Image for post
Image for post
Photo by Joe Green on Unsplash

Cloning Objects in Python — Beginner

shallow copies and deep copies in Python explained!!

Rachit Tayal
Jul 6, 2019 · 3 min read

If we think, that assignment operation = creates a new object; well in Python, it does not. It only creates a new variable that shares the reference of the original object. While programming, there are times when we would want copies of objects, that we can modify without modifying the original at the same time. In order to do that, we create copies of objects. In this article, we will cover on how to copy or clone objects in Python and some of the caveats involved with it.

In Python, there are two ways to create copies:

Shallow Copy: A shallow copy means constructing a new object and then populating it with references to the child objects found in the original object.

Deep Copy: A deep copy constructs a new object and then, recursively, inserts copies into it of the objects found in the original object.

In essence, a shallow copy is one level deep. The copying process does not recurse and therefore won’t create copies of the child object themselves. Whereas deep copying walks the whole object tree to create a fully independent clone of the original object and all of its children.

Enough with the theory, let’s jump to some code and understand the distinction via examples.

Let’s create a nested list and then shallowly copy it with the list() factory function.

Now, cpy is an independent object with same contents as org. To confirm that, let’s add a new sublist to cpy and check to make sure this modification is not reflected in org.

As expected, modifying the copied list at a “superficial” level was no problem at all. (superficial 😅, we will know why).
However since we created only a shallow copy of org, copied list cpy still contains references to the original child objects. The children are not copied. They are merely referenced again in the copied list.

If we modify one of the child objects in cpy, change will be reflected in org as well.

Again, this happened because we had only created a shallow copy of the original list so both list objects share the same child objects.

Had we created a deep copy, both the objects would’ve been fully independent. This is the distinction between shallow copy and a deep copy. So let’s dig a little deep into deep copy. 😄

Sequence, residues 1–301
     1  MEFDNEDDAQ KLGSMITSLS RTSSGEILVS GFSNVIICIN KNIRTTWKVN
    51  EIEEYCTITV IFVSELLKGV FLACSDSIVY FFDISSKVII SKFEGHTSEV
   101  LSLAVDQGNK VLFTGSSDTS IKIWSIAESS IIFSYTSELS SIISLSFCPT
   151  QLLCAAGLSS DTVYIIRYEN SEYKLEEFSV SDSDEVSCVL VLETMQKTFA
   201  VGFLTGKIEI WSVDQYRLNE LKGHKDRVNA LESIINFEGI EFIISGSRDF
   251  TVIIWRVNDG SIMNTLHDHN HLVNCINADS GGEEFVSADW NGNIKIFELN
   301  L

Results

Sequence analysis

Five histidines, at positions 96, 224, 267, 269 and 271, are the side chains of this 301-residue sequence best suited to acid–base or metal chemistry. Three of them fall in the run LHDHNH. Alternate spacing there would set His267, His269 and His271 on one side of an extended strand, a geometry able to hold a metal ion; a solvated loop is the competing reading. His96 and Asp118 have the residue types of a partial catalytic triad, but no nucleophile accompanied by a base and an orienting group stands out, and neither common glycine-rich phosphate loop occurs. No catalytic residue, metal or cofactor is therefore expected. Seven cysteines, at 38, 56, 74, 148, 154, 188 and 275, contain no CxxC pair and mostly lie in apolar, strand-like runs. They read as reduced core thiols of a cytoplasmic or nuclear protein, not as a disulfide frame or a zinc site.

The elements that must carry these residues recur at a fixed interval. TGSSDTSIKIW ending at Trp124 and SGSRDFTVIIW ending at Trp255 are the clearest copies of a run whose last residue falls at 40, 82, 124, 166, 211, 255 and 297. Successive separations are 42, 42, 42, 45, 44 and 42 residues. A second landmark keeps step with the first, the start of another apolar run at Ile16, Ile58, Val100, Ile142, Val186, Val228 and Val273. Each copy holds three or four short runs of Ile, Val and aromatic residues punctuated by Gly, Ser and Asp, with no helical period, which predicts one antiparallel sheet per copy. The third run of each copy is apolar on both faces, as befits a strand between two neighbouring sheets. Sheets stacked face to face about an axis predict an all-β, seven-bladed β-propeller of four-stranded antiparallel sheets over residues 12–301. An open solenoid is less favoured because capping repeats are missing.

Let’s repeat the previous list-copying example, this time we’re going to create a deep copy using the deepcopy() function defined in the copy module.

On inspection, both the list objects will look identical again — just like in the previous example.

However, modification to one of the child objects in cpy, won’t be reflected in the original list org.

Since both objects are fully independent this time, hence no changes in the org list object.
On a side note, we can also create shallow copies using a function in the copy module. The copy.copy() creates shallow copies.
To understand any concept, best way is to play with the examples in Python interpreter, so it’s best to take some time and start copying objects and play with the examples firsthand. 😄

  • Making a shallow copy of an object won’t clone child objects. Hence it won’t be fully independent of the original.
  • A deep copy of an object will recursively clone child objects. The clone is fully independent of the original, but creating a deep copy is slower.

Python Features

It covers important Python aspects with code snippets

Rachit Tayal

Written by

Sports Enthusiast | Senior Deep Learning Engineer. Python Blogger @ medium. Background in Machine Learning & Python. Linux and Vim Fan

Python Features

It covers important Python aspects with code snippets

Rachit Tayal

Written by

Sports Enthusiast | Senior Deep Learning Engineer. Python Blogger @ medium. Background in Machine Learning & Python. Linux and Vim Fan

Python Features

It covers important Python aspects with code snippets

Medium is an open platform where 170 million readers come to find insightful and dynamic thinking. Here, expert and undiscovered voices alike dive into the heart of any topic and bring new ideas to the surface. Learn more

Follow the writers, publications, and topics that matter to you, and you’ll see them on your homepage and in your inbox. Explore

If you have a story to tell, knowledge to share, or a perspective to offer — welcome home. It’s easy and free to post your thinking on any topic. Write on Medium

Get the Medium app

A button that says 'Download on the App Store', and if clicked it will lead you to the iOS App store
A button that says 'Get it on, Google Play', and if clicked it will lead you to the Google Play store